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Commission Releases Report, Recommendations on Turkmenistan

March 14, 2002

Lawrence J. Goodrich, Communications Director, (202) 523-3240, ext. 27

WASHINGTON - Religious-freedom conditions in Turkmenistan are extremely poor and respect for freedom of religion there is deteriorating. Those are among the conclusions in the latest report of the U.S. Commission on International Religious Freedom, an independent federal agency advising the Administration and Congress.

The report also contains a series of recommendations for U.S. policymakers, including a renewal of the Commission's recommendation that the State Department designate Turkmenistan a "country of particular concern." A country of particular concern is described in the International Religious Freedom Act of 1998 as one where violations of religious freedom are egregious, systematic, and ongoing. Current countries of particular concern include Burma, China, Iran, Iraq, North Korea, and Sudan.

Among other Commission recommendations, the U.S. government should:

  • Immediately suspend all non-humanitarian assistance to the government of Turkmenistan, with the exception of programs that serve U.S. national security interests in connection with the current campaign against terrorism;

  • Scrutinize all aspects of any remaining assistance programs in Turkmenistan to ensure that these programs do not facilitate Turkmen government policies or practices that result in religious-freedom violations;

  • Support efforts to facilitate Turkmenistan's sale of natural gas on world markets, including support for the Trans-Caspian Gas Pipeline (TCGP), only if the Turkmen government takes definitive steps to improve substantially conditions for religious freedom in Turkmenistan;

  • Identify specific steps that the government of Turkmenistan could take in order to have its currently suspended assistance reinstated and to avoid triggering further restrictions on assistance programs. These steps should reflect a substantial improvement in the protection of religious freedom;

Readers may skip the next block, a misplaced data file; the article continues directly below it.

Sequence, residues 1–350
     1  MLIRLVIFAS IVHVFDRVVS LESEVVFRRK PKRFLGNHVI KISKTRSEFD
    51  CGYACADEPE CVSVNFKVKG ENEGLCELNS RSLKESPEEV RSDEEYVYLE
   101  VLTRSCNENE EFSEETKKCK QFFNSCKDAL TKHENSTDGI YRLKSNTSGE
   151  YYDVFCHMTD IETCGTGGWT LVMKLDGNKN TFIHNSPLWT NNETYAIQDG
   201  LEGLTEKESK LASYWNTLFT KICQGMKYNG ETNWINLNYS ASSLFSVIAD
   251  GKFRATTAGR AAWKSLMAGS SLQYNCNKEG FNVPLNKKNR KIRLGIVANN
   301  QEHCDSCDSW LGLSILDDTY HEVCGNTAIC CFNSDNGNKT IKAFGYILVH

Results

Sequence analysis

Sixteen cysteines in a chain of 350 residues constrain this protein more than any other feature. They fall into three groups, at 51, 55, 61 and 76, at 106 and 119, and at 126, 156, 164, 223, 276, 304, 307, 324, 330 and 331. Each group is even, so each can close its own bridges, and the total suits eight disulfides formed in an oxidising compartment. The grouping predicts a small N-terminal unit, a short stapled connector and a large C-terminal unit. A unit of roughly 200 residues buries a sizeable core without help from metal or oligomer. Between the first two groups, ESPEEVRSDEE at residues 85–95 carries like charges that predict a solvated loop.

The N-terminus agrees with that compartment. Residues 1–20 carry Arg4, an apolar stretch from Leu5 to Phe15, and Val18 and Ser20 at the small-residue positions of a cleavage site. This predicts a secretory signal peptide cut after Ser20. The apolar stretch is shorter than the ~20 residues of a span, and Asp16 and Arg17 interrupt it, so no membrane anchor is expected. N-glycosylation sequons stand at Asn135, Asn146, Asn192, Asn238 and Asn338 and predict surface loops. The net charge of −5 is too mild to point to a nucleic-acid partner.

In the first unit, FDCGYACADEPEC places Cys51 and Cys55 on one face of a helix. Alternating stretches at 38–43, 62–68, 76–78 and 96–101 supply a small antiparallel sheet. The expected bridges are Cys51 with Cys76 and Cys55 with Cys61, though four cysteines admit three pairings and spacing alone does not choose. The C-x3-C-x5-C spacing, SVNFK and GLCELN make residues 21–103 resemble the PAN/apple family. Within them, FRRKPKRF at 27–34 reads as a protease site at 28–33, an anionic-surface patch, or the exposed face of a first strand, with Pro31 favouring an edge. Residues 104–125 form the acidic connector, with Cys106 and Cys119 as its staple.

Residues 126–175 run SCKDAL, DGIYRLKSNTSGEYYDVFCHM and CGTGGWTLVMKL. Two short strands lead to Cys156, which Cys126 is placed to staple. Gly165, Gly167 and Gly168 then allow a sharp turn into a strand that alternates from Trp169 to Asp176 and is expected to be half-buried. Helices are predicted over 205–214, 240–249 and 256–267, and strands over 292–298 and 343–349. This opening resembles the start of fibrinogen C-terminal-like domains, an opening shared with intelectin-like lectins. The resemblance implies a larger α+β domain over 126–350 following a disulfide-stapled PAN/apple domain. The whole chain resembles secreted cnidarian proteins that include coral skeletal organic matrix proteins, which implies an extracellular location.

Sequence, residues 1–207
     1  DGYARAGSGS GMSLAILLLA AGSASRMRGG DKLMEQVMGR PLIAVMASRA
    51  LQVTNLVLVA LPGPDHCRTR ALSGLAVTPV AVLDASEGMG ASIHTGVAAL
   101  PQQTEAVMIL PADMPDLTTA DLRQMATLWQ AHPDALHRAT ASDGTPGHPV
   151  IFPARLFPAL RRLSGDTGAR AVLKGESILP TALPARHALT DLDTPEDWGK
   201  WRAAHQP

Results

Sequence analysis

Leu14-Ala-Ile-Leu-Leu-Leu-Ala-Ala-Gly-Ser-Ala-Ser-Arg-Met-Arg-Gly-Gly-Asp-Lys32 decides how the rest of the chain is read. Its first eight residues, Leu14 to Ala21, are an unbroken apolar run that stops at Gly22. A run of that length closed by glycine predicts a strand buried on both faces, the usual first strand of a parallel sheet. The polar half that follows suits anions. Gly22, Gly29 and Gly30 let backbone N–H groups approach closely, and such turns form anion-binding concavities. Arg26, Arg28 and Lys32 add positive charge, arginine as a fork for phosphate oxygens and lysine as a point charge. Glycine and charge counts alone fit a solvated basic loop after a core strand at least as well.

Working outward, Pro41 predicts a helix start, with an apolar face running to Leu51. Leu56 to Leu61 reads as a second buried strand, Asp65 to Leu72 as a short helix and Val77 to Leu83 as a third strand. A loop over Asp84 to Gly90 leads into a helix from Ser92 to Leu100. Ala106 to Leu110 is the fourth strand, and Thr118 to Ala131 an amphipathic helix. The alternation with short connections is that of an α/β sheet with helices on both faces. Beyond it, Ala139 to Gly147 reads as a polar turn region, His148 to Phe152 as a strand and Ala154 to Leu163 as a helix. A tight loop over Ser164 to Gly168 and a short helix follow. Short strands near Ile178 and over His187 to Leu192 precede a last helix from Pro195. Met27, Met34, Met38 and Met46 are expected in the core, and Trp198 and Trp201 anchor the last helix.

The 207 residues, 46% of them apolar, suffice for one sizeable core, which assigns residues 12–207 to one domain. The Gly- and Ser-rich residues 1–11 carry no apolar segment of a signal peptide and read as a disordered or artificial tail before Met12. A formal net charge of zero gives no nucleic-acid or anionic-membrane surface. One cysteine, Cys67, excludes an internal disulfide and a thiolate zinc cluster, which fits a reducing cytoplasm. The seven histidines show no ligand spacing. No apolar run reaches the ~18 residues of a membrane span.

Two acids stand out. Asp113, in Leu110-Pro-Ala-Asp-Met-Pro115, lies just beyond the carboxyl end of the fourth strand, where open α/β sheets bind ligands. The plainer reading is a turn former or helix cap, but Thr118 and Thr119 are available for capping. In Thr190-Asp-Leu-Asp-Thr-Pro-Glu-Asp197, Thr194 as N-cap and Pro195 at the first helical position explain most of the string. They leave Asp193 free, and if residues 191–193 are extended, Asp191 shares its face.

• Press forcefully its concern about religious-freedom violations in Turkmenistan, consistent with the Turkmen government's obligations to promote respect for and observance of all human rights;

  • Suspend state visits between the United States and Turkmenistan until religious-freedom conditions in the country have improved significantly;

  • Encourage scrutiny of religious-freedom violations in Turkmenistan in appropriate international fora such as the Organization on Security and Cooperation in Europe (OSCE) and other multilateral venues. The United States should sponsor a resolution at the United Nations condemning religious-freedom and other related human rights violations in Turkmenistan, which would create a U.N. special rapporteur to investigate the situation in Turkmenistan.

The report and recommendations may be read in their entirety on the Commission's Web site at www.uscirf.gov.

The U.S. Commission on International Religious Freedom was created by the International Religious Freedom Act of 1998 to monitor the status of freedom of thought, conscience, and religion or belief abroad, as defined in the Universal Declaration of Human Rights and related international instruments, and to give independent policy recommendations to the President, the Secretary of State and the Congress."

The U.S. Commission on International Religious Freedom




Michael K. Young,Chair

  • Felice D. Gaer, Firuz Kazemzadeh, Richard D. Land, Bishop William Francis Murphy, Leila Nadya Sadat, Nina Shea, The Hon. Charles R. Stith, The Hon. Shirin Tahir-Kheli, Steven T. McFarland, Executive Director